the space between: chapter five

Start at the beginning with Chapter One

Get up.

Seth stared at the boy’s lifeless body.  Had he and Danielle had plans for later, after she got off work? Had they been just friends? Or would he have stolen a kiss before saying good night? Maybe she would have given the kiss willingly, and maybe more than one. 

Get up! You’re vulnerable.

Did he have parents? Was he one of the popular kids at school? Was he part of one of the smaller cliques you find in any high school in America?  Or was he a loner? How many people would be devastated by his death? How many people would mourn him at his funeral? How many days after this one would Danielle cry her eyes out just as she was doing now?

Get up!  This isn’t over.  There are eight other lives at stake, plus your own. 

Seth got up.  Yes, there were eight other lives at stake.  Only eight.  Because with that bullet, Sean Kessler had signed his own death warrant. 

He started toward the front door, but Kessler stepped in front of him, barring his path.  Icy fury turned his body into a glacial monolith.  Nothing was going to stand in the way of him getting what he wanted, especially not Sean Kessler.  Continue reading

the space between: chapter four

Start at the beginning with Chapter One

The gunman parried his attempt to disarm him by driving his knee into Seth’s elbow.  It wasn’t enough to throw Seth off balance, but it got him the result he wanted. 

With his hand wrapped firmly around the grip of the gun and his finger on the trigger, the man staggered backward several steps.  His free hand reached around to the back of his shoulder, and Seth watched as his fingers stroked over the sharp, pointed blades of the throwing star embedded in his left shoulder.  His own experience told him that the more the guy moved, the more damage the blades would cause, and none of it would be pleasant.  Seth would take a gunshot wound any day over the vicious pain a throwing star was designed to inflict. 

As wet blood seeped into the long-sleeved shirt the man wore, the fabric clung to his shoulder blade, deltoid and triceps.  And yet still he had the upper hand, and Seth cursed the turn of events.  On the outside, his facial expression remained blank.  His body made the return trip from aggression to readiness.  Seth would have to force himself to wait and hope for another chance to take control of the situation.

“Should I put a bullet through the good agent’s forehead?” the man asked, angling his body to keep Seth and Moser in his line of sight.  “Then again, it was my mistake, wasn’t it?  He told me not to turn my back on you, but I should have applied that same advice to the other government lackey in my midst.” Continue reading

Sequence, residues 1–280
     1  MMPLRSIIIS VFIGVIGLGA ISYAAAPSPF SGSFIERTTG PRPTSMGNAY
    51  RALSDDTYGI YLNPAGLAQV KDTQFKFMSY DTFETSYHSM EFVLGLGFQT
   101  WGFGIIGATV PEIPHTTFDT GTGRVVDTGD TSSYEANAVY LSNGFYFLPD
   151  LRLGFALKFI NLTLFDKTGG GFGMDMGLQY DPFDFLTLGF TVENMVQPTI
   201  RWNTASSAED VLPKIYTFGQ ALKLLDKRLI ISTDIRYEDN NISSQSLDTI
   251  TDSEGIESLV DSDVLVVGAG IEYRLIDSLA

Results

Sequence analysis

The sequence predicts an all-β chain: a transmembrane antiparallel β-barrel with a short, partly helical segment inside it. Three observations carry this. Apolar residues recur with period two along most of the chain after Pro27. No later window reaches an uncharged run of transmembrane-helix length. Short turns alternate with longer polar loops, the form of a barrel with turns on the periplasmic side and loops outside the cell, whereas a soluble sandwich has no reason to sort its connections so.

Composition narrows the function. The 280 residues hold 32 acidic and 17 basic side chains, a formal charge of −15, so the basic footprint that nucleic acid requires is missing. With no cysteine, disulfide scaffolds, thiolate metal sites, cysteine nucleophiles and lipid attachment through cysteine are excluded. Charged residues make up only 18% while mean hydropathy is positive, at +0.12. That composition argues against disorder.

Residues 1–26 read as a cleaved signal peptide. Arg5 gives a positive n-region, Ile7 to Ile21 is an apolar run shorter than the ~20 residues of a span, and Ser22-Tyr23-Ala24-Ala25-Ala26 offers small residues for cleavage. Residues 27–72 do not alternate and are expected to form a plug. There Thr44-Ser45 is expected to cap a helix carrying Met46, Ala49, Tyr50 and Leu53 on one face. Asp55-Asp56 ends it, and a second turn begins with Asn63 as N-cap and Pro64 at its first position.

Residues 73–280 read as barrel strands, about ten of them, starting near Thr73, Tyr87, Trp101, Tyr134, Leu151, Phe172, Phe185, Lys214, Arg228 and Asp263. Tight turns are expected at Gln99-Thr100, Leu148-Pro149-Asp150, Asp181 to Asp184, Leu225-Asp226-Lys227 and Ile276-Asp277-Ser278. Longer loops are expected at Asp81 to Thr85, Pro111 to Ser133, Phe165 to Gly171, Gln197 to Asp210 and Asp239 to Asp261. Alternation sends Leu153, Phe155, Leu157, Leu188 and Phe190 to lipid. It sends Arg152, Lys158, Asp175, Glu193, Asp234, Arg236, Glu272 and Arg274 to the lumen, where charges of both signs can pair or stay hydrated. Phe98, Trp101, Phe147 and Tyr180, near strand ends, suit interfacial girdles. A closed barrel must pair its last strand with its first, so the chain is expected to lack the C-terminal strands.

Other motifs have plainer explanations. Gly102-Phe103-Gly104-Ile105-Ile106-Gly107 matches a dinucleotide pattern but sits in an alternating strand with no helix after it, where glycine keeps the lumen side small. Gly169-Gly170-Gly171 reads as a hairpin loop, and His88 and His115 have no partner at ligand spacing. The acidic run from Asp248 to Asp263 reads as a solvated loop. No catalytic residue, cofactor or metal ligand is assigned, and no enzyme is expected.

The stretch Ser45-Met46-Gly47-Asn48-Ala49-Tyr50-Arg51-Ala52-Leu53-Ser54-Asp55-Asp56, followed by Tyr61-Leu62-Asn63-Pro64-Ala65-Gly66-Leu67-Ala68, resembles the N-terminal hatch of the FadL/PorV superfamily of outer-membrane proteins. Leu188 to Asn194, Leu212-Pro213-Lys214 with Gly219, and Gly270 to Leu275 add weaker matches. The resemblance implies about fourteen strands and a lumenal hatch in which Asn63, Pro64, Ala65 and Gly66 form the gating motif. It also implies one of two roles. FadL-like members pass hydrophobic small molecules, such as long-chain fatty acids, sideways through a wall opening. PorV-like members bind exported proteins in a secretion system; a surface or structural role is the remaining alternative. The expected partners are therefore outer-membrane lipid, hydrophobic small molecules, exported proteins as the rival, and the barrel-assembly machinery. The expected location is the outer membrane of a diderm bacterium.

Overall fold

penny dreadful s1:e1: “night work”

I like to deconstruct hour-long television dramas as a method for identifying ways to improve plot, structure and character in my own writing.  Because writing helps me clarify my thoughts and make connections, I decided to post my musings here.  I’ll be using the TV show Penny Dreadful as my case study.  If you’re not familiar with Penny Dreadful, it is a Showtime drama set in London in 1891 that features fictional characters from a variety of late 18th and 19th century literature. 

Since “Night Work” is the pilot episode of Penny Dreadful, it’s primarily involved in achieving two goals: introducing the central characters and the overarching main plot. Warning: Spoilers Ahead.  Continue reading

the space between: chapter three

Read Chapter One and Chapter Two

“What is your name?”

“He shot me.  Ohmigod there’s so much blood and it—“

“Tell me your name,” Seth repeated, pressing his hand over the wound in her leg.  Sticky wetness soaked her jeans and spread across his palm, seeping into the space between his fingers as he applied pressure. Continue reading

the space between: chapter two

Read Chapter One

The Compass Bar was a perfect square.  At the center of the space, there was a circular bar and along each of the walls were booth seats.  No freestanding tables or chairs.  On nights when it was busy, customers either crowded up to the bar, made friends and shared one of the booths, or gathered in the open spaces and stood.  Tonight was not a busy night, but there were way too many people given the situation that was unfolding.

The two young women sitting in a booth on the left caught Seth’s attention as he scanned the first quadrant of the bar.  A girls’ night out gone horribly wrong.  Continue reading